Telling Stories With Adire

What makes Adire really special is the intricate designs, which is the result of hand painted work carried out on the fabric.

Perhaps more than any art form, the Adire textile reflects the culture from which they come.

Adire are indigo resist dyed cotton cloths made by women in south-west Nigeria in Yorubaland. Resist-dyeing involves making a pattern by somehow manipulating other sections of the fabric to keep them from absorbing dye.Some of the clothes used to be hand painted with patterns that have very significant meanings.

The motifs and designs are well-represented in various forms and shapes over time. The designs however tell a story of a particular culture from the very past but could have changed over time due owed to the influence of other culture and the colonial era. The patterns are in form of stylised representation of animals, plants, abstract patterns and everyday objects.

Adire patterns represent an identity, with each ethic group having unique patterns that distinguished them from outsiders. Moreover, it’s believed that only certain families would have the honour of producing the cloth. From flora and animals, to celestial bodies and man-made objects, the figures used in design were symbolic reflections of Yoruba life. Adire Eleko employed quite a variety of stylized representation of certain animals.

For example. The parrot was used to symbolise wealth and wisdom, while the crested crane and ostrich represented leadership and royalty. The bat (Adan) was a significant symbol as it was often used in sacrificial ceremonies. Other significant animals include:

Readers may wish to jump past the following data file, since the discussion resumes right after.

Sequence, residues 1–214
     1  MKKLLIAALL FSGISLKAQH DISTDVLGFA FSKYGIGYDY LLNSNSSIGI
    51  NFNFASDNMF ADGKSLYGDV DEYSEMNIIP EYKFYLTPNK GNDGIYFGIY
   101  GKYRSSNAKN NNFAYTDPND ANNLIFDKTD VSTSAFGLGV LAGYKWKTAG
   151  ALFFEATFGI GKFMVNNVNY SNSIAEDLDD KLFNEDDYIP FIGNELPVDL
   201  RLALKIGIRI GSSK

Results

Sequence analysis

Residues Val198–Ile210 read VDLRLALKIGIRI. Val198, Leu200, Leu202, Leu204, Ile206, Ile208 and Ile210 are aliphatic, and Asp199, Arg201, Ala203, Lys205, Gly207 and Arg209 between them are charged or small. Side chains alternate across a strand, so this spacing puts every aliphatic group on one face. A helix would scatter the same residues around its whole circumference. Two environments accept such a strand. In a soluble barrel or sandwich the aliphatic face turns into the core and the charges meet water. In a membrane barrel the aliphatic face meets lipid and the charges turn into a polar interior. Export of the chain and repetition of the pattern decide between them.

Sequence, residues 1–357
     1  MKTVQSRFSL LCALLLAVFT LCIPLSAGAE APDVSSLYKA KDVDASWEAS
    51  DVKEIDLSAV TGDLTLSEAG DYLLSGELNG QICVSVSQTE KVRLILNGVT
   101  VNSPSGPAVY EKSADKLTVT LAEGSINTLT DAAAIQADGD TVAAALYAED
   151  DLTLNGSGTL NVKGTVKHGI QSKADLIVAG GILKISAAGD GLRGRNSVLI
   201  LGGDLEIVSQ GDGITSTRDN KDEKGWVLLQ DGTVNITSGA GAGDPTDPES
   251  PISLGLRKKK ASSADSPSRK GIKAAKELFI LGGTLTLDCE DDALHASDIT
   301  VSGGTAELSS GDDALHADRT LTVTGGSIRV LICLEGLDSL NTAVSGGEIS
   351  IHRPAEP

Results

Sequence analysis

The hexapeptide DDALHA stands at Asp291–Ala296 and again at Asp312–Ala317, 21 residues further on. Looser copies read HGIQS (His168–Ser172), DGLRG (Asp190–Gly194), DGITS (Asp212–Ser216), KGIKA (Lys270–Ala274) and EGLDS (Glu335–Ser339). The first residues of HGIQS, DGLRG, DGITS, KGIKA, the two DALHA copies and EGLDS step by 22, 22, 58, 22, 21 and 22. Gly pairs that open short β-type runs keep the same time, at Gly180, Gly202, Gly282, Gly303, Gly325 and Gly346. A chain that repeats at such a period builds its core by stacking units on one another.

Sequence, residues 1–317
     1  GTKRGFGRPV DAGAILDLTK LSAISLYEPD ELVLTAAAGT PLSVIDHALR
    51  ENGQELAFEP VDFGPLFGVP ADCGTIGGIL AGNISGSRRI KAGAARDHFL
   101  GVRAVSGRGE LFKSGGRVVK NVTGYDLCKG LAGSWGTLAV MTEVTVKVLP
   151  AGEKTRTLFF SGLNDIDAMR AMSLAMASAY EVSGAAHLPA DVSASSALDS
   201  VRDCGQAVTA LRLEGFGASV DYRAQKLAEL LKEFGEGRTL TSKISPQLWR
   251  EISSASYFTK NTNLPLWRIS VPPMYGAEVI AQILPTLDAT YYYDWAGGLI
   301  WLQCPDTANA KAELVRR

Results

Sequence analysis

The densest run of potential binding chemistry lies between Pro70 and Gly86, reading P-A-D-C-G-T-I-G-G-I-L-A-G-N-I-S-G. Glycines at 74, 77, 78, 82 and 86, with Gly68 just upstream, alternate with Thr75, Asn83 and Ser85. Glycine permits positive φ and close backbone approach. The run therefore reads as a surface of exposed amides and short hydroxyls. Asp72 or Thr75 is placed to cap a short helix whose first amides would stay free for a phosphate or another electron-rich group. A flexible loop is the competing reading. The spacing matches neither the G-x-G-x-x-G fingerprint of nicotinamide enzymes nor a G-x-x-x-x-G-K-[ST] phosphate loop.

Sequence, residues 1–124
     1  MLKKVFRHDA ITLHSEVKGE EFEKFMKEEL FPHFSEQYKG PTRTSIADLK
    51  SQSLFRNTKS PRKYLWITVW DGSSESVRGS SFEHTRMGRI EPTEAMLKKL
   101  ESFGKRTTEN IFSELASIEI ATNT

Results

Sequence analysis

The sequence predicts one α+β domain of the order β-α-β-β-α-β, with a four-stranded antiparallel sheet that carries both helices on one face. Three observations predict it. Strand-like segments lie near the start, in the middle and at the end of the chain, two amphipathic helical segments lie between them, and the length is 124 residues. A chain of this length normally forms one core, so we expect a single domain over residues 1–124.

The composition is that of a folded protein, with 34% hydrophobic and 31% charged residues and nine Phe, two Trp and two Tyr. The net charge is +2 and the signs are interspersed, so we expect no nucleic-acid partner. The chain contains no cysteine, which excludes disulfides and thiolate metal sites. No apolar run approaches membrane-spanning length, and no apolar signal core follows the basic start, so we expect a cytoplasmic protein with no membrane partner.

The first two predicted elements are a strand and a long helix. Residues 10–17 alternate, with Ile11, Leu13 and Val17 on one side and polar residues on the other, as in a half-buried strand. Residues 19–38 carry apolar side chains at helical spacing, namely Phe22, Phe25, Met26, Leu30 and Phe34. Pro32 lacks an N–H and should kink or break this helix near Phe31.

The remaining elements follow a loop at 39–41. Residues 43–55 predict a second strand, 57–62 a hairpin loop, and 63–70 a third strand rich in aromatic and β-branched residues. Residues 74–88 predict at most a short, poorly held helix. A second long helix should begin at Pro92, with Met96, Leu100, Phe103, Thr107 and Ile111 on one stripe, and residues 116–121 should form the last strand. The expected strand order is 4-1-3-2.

•Crocodile (Oni): The ability to live on land and in water makes it a high spiritually-valued figure.
•Chameleon: Its adaptability element signifies flexibility, invincibility or abundance.
•Snake: Symbol of reincarnation, guidance, wrath and ‘stress-free’ life.
•Snail: Perseverance, calmness and tenacity. It also signifies unity because its shell always follows it.
•Fish: signifies, success.

Each motif has a name and a meaning. Additionally, the combination of motifs used on one cloth influenced the name of the whole piece. It’s important to note that different towns had different names for the same design. Furthermore, the name of a motif can change with time.

At first, Adire was made from a hand-woven cloth called Kijipa that was tie-dyed indigo (Elu). Women specialised in the art, and would work with new cloth as well as refurbish existing pieces with tie-dyed patterns. According to stories, the Yoruba deity of wisdom and divination; Orunmila, is to credit for the patterned dyeing origin. It’s believed that Orunmila was inspired by material technology of six birds known as Agbe, Aluko, Odidere, Akuko, Lekeleke and Agbufon which were divinely inspired and permitted to respectively use indigo, camwood, palm oil, chalk and variegated colour pigments.
Akoko leaves, and guinea corn (Oka baba) were some of the common flora figures. The former are prominent in Yoruba life because they are used in coronation rituals. The guinea corn have a variety of uses. Their leaves are fodder for livestock, the stalk is used in medical blends, and its seeds make a paste that is a staple food for the Yoruba. Not to mention, the seeds are used to make an alcoholic wine called Burukutu. Thus, the guinea corn symbolizes divine provision.

When the British introduced imported cotton in the 20th Century, they realised that it was cheaper than the hand-woven cloth they were using. It was also more comfortable than the rough Kijipa they were using. The added benefit of this soft material easily absorbing their dye-patterns, meant that the artists could make more precise designs.

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